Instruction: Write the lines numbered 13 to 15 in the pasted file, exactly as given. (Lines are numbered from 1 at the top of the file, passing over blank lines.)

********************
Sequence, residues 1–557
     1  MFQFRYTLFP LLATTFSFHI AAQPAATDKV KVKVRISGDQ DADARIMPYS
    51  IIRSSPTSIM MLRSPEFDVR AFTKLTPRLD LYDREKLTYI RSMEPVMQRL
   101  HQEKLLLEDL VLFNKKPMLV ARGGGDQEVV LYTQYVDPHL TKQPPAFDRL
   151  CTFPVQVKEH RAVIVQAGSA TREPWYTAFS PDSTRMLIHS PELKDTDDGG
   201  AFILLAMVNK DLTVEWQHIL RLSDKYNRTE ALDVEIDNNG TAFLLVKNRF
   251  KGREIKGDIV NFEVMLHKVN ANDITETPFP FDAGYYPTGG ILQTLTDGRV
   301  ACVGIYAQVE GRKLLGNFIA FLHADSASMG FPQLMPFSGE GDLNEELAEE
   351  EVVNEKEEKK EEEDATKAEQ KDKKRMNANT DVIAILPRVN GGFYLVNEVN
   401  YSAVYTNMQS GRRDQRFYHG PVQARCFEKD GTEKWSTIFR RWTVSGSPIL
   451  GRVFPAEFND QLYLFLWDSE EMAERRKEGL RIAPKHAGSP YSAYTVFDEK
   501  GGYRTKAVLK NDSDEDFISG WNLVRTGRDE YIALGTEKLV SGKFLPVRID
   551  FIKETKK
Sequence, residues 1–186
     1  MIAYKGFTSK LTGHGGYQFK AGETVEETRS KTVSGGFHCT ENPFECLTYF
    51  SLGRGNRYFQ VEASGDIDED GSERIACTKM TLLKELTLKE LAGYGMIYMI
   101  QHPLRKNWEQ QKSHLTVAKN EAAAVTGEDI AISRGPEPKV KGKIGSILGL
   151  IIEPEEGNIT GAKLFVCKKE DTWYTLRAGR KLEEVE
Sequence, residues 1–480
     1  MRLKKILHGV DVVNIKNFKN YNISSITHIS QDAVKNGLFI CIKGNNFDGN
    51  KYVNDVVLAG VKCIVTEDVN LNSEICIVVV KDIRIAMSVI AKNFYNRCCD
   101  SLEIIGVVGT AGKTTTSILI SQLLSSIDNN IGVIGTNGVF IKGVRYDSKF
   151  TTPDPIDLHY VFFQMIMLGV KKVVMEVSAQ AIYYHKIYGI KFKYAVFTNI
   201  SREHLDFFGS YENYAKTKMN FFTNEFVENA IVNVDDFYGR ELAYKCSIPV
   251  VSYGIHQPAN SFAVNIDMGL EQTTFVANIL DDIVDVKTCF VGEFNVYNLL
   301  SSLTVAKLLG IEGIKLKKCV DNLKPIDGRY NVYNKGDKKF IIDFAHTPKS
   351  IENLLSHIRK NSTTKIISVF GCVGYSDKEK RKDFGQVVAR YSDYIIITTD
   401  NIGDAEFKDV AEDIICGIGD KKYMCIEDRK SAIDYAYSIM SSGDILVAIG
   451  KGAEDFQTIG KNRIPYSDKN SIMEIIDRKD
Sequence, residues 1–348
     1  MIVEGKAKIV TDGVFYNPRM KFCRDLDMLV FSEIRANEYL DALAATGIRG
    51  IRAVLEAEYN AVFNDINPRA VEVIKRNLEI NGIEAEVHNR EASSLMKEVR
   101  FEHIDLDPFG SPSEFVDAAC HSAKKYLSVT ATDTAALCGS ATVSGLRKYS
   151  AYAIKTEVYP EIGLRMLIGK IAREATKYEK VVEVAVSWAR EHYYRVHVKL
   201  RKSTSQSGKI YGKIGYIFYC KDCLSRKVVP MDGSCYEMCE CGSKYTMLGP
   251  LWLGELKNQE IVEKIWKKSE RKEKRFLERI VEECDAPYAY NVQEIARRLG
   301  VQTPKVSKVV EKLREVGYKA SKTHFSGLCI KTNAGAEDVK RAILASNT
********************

   551  FIKETKK
Sequence, residues 1–186
     1  MIAYKGFTSK LTGHGGYQFK AGETVEETRS KTVSGGFHCT ENPFECLTYF